The Senaie resumed, as in Committee of the new existing charters for banks in the District of Co Whole, the consideration of the bill, entitled "An lumbia, not increasing the capital thereof; and may act for the better regulation of the Ordnance degrant charters, if they deem it expedient, to any banking associations now in operation in the said District, partment,” together with the amendments reand renew the same, not increasing the capital thereof. ported thereto by the select committee; and the And notwithstanding the expiration of the term for amendments having been agreed to, the Presiwhich the said corporation is created, it shall be lawful dent reported the bill to the House accordingly. to use the corporate name, style, and capacity, for the On motion, by Mr. Giles, the bill as amended purpose of suits, for the final settlement and liquidation was recommitted to the Committee on Military of the affairs and accounts of the corporation, and for Affairs, further to consider and report thereon. the sale and disposition of their estate, real, personal, The Senale resumed, as in Committee of the and mixed, but not for any other purpose, or in any Whole, the consideration of the bill making apother manner whatsoever: nor for a period exceeding propriations for repairing or rebuilding the public two years, after the expiration of the said term of in-buildings within the City of Washiogloo. corporation.
On motion, by Mr. Mason, that the further LANGDON CHEVES,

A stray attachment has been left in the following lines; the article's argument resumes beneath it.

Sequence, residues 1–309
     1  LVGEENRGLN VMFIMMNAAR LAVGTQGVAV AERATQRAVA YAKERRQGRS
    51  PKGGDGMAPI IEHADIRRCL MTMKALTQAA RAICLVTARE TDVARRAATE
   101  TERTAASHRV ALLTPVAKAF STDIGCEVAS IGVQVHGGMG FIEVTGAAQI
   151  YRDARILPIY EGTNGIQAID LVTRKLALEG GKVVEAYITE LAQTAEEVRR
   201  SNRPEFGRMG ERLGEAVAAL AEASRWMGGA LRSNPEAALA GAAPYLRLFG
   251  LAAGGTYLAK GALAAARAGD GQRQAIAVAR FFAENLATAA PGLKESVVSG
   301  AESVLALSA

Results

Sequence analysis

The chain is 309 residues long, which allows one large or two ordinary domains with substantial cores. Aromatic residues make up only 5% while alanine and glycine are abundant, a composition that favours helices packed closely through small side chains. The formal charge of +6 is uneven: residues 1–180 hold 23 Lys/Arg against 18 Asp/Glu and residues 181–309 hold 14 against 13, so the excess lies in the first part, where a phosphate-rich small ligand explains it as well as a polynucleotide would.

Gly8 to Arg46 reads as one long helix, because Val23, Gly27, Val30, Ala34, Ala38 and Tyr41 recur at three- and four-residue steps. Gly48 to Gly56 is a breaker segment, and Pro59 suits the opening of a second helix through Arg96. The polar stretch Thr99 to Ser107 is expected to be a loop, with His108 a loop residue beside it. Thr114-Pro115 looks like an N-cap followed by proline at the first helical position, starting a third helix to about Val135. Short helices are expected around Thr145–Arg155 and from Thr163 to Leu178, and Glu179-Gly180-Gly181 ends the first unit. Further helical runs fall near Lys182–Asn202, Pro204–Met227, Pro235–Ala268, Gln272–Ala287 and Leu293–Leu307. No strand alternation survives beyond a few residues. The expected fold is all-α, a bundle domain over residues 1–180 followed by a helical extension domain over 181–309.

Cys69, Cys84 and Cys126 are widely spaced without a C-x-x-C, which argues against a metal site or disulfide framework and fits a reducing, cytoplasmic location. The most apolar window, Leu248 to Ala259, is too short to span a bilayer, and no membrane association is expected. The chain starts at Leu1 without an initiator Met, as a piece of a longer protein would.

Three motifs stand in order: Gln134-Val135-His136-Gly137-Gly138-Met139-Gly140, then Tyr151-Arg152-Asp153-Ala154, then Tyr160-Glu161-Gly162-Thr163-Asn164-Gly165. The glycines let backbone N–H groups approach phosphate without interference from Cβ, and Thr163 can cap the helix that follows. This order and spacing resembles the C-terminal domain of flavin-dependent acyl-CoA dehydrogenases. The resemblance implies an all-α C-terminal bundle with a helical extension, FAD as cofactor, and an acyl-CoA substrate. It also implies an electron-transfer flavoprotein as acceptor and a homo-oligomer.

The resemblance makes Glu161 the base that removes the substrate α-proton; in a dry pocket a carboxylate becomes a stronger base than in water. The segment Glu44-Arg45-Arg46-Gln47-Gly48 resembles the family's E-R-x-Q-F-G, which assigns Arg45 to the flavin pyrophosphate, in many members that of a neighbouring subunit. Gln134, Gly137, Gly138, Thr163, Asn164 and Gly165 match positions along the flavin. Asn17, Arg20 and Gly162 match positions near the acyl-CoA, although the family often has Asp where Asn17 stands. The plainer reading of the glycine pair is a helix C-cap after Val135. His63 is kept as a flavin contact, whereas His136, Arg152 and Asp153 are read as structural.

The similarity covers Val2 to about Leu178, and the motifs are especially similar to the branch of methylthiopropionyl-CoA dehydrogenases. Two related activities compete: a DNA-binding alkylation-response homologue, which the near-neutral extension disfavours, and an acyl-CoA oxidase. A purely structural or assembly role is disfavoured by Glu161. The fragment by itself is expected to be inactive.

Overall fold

consideration thereof be postponed to the second Speaker House of Representatives.
Monday in March next, it was determined in the
negative-yeas 7, nays 22, as follows:
Yras–Messrs. Dana, German, Hunter, King, Lam. The President's objections were also again bert, Mason, and Wells. read; and on motion, by Mr. BARBOUR, the fur- Nars-Messrs. Barbour, Bibb, Brown, Chace, Conther consideration thereof was postponed to, and dit, Daggett, Fromentin, Gaillard, Giles, Goldsborough, made the order of the day for, Thursday next. Horsey, Kerr, Lacock, Morrow, Roberts, Smith, Tait,
Taylor, Turner, Varnum, Walker, and Wharton.
Mr. FROMENTIN moved to recommit the bill to Wednesday, February 1.
a select committee, further to consider and report The bill to allow a drawback of duties on spirits thereon. The motion was postponed until 10distilled, and certain goods, wares, and merchan- I morrow.
Defence of the City of Baltimore.
[There took place on the subject an interesting of the military authority, round about the whole exdebate. Messrs. Lacock, BARBOUR, Daggert, tent of the city ; and they have aided, as far as in their and KERR, were the principal advocates of the power, in procuring and mounting the ordnance necesbill, and Messrs. Mason, Dana, and GERMAN, sary and suitable to the works so erected. When its principal opponents.]
those lines and forts shall be well and fully manned,
Baltimore will feel perfectly secure; its citizens may DEFENCE OF THE CITY OF BALTIMORE. then with confidence set the enemy at defiance; but
Mr. Smith presented the memorial of the Com- not till then. mittee of Vigilance and Safety of the city and